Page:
Our featured pass this week, had us stumped as far back as October, 2013, when a landslide blocked our way amidst soaking and persistent rain and poor video footage. We had no option but to admit defeat and vowed to return to film this amazing and very challenging pass. Like most of the really major gravel passes, this one lies in the very heart of the Eastern Cape Highlands. We made it back on the 17th December, 2016 in perfect weather.
We used two vehicles and three cameras to create over 22 Gigs of raw footage (around 7 hours of footage), which then had to be condensed and edited down to 28 minutes, which we devided up into 6 separate videos to do justice to this monumentally fabulous mountain pass.
Not everyone owns a 4x4, which is a prerequisite to complete this drive, and for those that cannot drive this one themselves, we invite you to sit next to our cameraman and enjoy all the best bits of this very tricky pass. And it's not all technical driving - there are alpine flowers, sandstone mountains, mountain donkeys and vistas that will truly take your breath away.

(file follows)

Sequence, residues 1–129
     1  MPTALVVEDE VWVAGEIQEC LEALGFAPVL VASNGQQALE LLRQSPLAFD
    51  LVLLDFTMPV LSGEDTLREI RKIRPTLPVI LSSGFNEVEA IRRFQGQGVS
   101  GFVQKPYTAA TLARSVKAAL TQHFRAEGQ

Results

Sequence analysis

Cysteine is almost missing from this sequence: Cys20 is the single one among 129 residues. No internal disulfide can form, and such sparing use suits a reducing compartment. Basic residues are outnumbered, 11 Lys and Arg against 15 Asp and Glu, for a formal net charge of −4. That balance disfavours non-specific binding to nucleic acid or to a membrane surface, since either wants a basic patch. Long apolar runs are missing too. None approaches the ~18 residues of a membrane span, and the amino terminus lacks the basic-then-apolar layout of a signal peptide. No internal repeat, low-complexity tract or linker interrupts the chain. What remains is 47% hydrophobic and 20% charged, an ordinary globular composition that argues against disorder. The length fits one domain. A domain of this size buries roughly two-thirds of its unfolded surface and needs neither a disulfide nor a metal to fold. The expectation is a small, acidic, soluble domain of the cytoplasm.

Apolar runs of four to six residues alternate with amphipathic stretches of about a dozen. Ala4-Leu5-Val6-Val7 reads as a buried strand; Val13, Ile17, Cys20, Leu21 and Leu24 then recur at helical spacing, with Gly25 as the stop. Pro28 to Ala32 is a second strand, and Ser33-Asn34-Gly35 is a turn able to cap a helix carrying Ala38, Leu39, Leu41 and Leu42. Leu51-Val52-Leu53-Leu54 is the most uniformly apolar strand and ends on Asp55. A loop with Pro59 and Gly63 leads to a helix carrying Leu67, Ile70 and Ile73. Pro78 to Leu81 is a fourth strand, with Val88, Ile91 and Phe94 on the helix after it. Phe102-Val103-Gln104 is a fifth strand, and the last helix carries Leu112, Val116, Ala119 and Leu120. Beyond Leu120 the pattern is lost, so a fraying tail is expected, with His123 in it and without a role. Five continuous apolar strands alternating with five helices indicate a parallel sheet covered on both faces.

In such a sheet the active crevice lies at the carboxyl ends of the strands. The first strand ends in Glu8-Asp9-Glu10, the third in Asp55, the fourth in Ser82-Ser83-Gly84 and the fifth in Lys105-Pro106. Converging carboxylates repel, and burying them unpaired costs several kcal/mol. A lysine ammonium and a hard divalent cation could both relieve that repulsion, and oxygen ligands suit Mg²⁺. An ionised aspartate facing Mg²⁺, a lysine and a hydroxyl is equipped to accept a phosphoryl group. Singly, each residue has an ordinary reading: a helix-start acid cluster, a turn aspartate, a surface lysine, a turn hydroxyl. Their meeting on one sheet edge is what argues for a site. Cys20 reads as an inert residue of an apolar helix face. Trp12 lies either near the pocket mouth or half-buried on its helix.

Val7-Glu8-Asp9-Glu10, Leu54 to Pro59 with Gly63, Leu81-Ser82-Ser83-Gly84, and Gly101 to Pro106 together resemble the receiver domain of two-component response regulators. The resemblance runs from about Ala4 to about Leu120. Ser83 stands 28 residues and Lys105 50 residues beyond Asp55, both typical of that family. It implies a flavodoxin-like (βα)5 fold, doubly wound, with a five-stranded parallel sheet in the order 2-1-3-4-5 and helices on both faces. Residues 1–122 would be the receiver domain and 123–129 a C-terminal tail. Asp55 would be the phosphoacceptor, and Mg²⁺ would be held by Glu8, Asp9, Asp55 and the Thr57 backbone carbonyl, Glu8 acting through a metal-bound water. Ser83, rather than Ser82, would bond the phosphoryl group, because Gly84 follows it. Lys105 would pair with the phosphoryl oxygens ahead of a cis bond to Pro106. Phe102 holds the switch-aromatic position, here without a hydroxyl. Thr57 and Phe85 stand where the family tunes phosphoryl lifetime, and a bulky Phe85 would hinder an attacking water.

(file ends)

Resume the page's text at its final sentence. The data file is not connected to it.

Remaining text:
From the one extreme to the other! Last week we cyber-drove the highest pass in South Africa - the Ben MacDhui Pass at 3001m and today we whisk you to a pass that has a summit altitude of just 105m ASL and it's only 1,2 km long, but don't be skeptical as this pass has a whole lot of unusual and unique features not repeated on any other pass in South Africa.
It is the only pass that provides direct access to a modern Grand Prix race track and it's also the only pass to have been part of a Grand prix race track and in fact, South Africa's first ever Grand Prix circuit, which dates all the way back to 17th December, 1934.